As well as inventing and manufacturing Canada’s first, and only entirely Canadian, typewriter, Edward Horton had secured the first patents for a front-stroke machine that produced visible typing. His lasting impact was in placing machines on the market for others to see and emulate. His novel oblique, front-stroke configuration encouraged the development of what would evolve into the most successful typewriter design of the 20th century. It is unfortunate that he could not match his innovative design with the capital or business vision needed for commercial success.
Today, the Horton typewriter is an extremely rare machine: the author knows of only six in existence. Two of these are at the Onondaga Hist. Assoc. Museum, Syracuse, N.Y. (accession nos.1987.21.260 and 1987.21.365); another is in the IBM Coll. at the head office of the International Business Machines Corporation, Armonk, N.Y.; and three are in private collections.
Photographs of Edward Elijah Horton and his invention as well as other memorabilia and family papers are in the possession of Mrs Betty McFarlane of Belleville, Ont., a granddaughter of the subject.
AO, RG 22-305, no.32002; RG 55-17-63, no.3533 CP; RG 80-5-0-72, no.3546; RG 80-8-0-582, no.4332. Canadian Patent Office (Hull, Que.), Patent nos.22833 (11 Nov. 1885), 48280 (22 Feb. 1895). G.B., Patent Office (Newport, Wales), Patent no.17957-91 (20 Oct. 1891). NA, RG 31, C1, Toronto, 1891, St David’s Ward, sub-dist.22: 20; 1901, Ward 2, div.33: 17. National Arch. (Washington), RG 241 (records of the Patent Office), patent transfer, liber N-37: 132–34. N.J., State Dept., commercial recordings div. (Trenton), folder A4744 (Horton Typewriter Company). United States Patent and Trademark Office (Washington), Patent nos.285265 (18 Sept. 1883), 286824 (16 Oct. 1883), 605877 (21 June 1898). Globe, 28 June 1916. Mail (Toronto), 2, 15 Aug., 4, 11, 29 Sept., 4, 7 Oct. 1876.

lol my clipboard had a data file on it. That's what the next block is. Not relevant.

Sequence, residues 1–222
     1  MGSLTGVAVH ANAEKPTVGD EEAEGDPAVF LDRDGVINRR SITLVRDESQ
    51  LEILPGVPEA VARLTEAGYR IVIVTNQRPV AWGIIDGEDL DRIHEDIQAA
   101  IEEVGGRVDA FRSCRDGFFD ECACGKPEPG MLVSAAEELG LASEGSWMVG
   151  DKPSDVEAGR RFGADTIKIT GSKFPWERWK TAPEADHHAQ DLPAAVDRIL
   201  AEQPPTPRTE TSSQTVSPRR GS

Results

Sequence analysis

M. H. Adler, The writing machine (London, 1973). Canadian Patent Office Record (Montreal; Ottawa), 13 (1885), no.22833; 23 (1895), no.48280. Cosmopolitan Shorthander (Toronto and Boston), 8 (1887): 103, 122, 204, 208, 235 (copies at Boston Public Library); also back cover of March 1887 issue (8, no.3), which shows an advertisement for the Horton typewriter (copy at the Library of Congress, Washington). [This source is the sole contemporary account of the marketing of the Horton typewriter in the United States. a.g.s.] Directory, Toronto, 1870–1916. Paul Lippman, American typewriters: a collectors’ encyclopedia (Hoboken, N.J., 1992). Ed Musgrave, “Unriddling the Horton typewriter,” Typewriter Times: Journal of the Anglo-American Typewriter Collectors’ Society (Hoboken and Beaconsfield, Eng.), no.17 (autumn 1989): 15–18 (no known public holdings; copy in possession of the author). [This is the only known biography of Horton; though somewhat embroidered and imaginative, it is valuable for its technical comparison between the early and late model Horton typewriters. a.g.s.] “Preliminary circular: a new and great invention; the Horton typewriter, the most perfect writing machine in the world” (printed pamphlet, 4pp., issued by the Horton Typewriter Company, Toronto and Buffalo, N.Y., [c. 1887]; copy in the possession of Betty McFarlane).